Hollywood Commission Mounting Second Survey on Abuse and Power Disparity in Entertainment Industry

The Hollywood Commission, which works in partnership with 26 companies, unions and guilds, academies, and talent agencies to end discrimination, harassment, bullying, and abuse in the entertainment industry, Oct. 20 announced the launch of its second “Entertainment Survey.”

The survey is designed to give a voice to entertainment industry workers while providing the community with crucial insight surrounding the progress made in the past five years toward meaningful systemic change.

The survey is now live at hollywoodentertainmentsurvey.org, and the Hollywood Commission encourages all members of the community to participate in the anonymous questionnaire.
 
Chaired by Anita Hill and founded by board members Kathleen Kennedy and Nina Shaw, the Hollywood Commission was formed in 2017 to bring together entertainment executives, independent experts, and advisors to take the necessary collective steps towards tackling the culture of abuse and power disparity in the industry.
  
This second survey is seeking responses from members of the community through Nov. 27, 2022.

“As the Commission and partner companies offer new resources, initiatives, and training in workplaces throughout the entertainment community, this second survey is a temperature check to specifically identify what progress has been made and where work still needs to be done,” according to the Hollywood Commission.
 
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According to the Commission, with a goal of 20,000 responses‚ more than double the participation of the first survey — the new survey will include expanded demographics to ensure representation across all communities; an added focus on employees working in the gaming sector; new questions that measure and assess whether and in what ways people experience colorism; and questions focusing on survivor support and the resources needed for victims of retaliation to get back into the industry.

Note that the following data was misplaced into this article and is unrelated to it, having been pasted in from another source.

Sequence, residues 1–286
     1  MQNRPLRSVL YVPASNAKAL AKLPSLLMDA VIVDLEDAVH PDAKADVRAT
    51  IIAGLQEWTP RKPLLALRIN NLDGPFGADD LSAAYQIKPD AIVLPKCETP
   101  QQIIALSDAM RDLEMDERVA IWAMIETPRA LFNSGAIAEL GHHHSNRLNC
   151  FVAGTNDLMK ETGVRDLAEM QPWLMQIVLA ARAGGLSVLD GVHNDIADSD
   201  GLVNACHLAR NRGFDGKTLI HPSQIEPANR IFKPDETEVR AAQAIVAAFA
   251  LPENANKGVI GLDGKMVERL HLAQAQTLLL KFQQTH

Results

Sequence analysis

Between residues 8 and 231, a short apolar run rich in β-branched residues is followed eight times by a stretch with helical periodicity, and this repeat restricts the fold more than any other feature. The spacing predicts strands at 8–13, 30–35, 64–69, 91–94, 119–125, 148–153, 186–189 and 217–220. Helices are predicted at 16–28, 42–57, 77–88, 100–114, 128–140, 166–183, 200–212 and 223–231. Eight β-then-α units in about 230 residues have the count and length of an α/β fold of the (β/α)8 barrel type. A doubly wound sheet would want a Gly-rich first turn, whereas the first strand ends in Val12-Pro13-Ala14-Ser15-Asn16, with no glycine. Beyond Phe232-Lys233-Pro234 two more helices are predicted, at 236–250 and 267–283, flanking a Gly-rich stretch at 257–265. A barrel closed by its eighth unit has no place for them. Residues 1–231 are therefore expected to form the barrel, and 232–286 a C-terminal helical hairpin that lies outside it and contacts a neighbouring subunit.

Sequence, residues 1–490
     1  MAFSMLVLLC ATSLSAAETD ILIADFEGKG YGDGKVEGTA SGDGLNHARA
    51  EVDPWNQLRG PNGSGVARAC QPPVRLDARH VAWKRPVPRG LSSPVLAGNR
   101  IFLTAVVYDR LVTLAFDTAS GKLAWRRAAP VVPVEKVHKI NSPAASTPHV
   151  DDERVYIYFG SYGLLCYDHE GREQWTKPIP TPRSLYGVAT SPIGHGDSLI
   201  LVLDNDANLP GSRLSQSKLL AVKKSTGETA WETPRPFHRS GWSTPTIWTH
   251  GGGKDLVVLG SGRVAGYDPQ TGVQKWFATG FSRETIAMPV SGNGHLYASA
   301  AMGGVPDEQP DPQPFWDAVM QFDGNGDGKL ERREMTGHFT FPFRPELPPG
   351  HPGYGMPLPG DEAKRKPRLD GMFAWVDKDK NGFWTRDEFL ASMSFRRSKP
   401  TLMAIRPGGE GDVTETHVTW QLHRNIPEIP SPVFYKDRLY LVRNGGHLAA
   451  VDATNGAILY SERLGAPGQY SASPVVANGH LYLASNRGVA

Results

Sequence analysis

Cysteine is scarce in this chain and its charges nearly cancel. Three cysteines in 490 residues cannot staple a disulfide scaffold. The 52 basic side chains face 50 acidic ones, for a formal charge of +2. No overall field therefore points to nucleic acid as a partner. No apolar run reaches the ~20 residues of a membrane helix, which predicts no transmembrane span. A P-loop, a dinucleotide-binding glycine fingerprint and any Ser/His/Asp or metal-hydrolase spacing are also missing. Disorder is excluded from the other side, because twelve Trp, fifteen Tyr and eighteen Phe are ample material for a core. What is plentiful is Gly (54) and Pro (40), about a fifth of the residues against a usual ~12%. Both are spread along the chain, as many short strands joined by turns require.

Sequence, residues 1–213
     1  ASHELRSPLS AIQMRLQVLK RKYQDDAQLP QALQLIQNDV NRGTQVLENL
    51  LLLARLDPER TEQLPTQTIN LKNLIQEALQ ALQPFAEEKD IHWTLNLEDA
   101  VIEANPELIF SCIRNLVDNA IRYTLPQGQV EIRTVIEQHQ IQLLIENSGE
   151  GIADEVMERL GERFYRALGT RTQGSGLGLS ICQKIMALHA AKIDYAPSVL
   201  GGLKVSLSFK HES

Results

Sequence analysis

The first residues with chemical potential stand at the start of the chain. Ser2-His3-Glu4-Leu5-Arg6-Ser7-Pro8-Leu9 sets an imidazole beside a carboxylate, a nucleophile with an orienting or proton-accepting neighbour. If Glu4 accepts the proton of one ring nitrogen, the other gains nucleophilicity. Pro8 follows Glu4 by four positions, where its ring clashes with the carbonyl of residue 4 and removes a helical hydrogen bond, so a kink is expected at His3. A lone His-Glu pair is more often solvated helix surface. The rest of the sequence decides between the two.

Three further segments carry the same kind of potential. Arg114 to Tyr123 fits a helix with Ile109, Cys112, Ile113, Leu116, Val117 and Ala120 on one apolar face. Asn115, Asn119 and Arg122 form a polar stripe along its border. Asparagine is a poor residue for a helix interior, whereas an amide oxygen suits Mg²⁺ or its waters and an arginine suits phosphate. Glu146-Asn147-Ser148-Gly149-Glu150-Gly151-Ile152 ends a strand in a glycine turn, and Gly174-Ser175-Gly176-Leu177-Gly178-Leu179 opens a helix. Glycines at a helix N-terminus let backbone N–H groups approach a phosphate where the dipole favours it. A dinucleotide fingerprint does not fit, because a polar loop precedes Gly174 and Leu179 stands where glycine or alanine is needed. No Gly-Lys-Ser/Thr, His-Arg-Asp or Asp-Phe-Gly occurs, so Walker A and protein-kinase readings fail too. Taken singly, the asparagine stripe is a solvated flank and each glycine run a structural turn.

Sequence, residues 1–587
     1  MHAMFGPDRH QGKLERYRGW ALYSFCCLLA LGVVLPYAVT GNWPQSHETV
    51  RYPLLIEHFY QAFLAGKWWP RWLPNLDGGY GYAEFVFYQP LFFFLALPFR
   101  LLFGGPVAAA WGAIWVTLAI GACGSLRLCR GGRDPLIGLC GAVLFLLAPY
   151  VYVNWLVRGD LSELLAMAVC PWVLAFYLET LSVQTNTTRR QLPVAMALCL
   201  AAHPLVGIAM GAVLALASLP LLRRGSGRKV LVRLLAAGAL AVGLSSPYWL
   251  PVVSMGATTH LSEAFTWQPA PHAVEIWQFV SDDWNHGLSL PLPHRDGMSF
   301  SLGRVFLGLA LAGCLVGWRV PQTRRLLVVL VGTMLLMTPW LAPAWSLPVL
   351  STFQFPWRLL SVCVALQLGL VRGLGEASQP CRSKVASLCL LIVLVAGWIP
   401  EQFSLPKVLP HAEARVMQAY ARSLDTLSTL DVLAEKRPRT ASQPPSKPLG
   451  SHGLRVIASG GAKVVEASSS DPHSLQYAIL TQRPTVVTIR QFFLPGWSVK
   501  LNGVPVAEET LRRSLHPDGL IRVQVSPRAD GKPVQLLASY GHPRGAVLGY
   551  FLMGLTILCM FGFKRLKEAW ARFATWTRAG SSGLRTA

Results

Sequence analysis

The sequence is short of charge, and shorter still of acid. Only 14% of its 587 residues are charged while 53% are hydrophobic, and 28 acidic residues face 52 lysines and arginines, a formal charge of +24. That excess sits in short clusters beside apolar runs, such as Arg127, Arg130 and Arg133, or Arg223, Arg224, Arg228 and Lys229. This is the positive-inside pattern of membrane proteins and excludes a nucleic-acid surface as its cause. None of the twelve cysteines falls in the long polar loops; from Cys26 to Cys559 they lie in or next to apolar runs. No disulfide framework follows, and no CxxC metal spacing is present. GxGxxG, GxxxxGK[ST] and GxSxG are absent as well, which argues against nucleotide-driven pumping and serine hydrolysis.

The survey is open to entertainment workers in television and film, commercials, live theater, music, broadcast news, talent representation, public relations, corporate settings, and the gaming sector, from countries including the United States, Canada, Mexico, the United Kingdom, and countries throughout Asia, Oceania and the South Pacific. 
 
When the results are tabulated, the Hollywood Commission expects to learn where systems can be improved. Survey responses will focus the Commission’s efforts over the next several years — informing the issues that it will elevate for the community and pinpointing where the organization will prioritize its resources, according to the Commission.
 
“As we seek to determine what systemic progress we have made over the past several years, the second Hollywood Commission Entertainment Survey is more important and in many ways consequential than our first,” Hill said in a statement. “With this new edition, we hope to double the participation of the first survey, which will help provide us with the insight we need as we continue to focus our efforts on our next phase of work. The key to that will be participation — we need to hear directly from all workers about their experiences. We look forward to working with our partners to encourage everyone in the industry to respond and participate, safely and anonymously.”
 
The first-of-its-kind survey, published in 2020, received responses from 9,630 entertainment workers. Findings included: 
 

  • 65% of respondents didn’t believe that a powerful individual, such as a producer or director, would be held accountable for harassing someone with less power;
  • only 28% of respondents who had experienced an incident of gender harassment, unwanted sexual attention, or sexual coercion reported it to employers — because they think they won’t be believed, nothing will happen, or they’ll be retaliated against; and
  • while men and women reported gender harassment (demeaning jokes or comments based on gender; sexually crude terms and insults) at similar rates (62% of men, 67% of women), females experience unwanted sexual attention (42%), sexual coercion (20%) and sexual assault (5%) approximately twice as often as males (22%, 9% and 2%, respectively).

 

Full reports of the 2019-20 survey may be found here
 
The results of the new Hollywood Commission survey are expected to be completed and released in early 2023.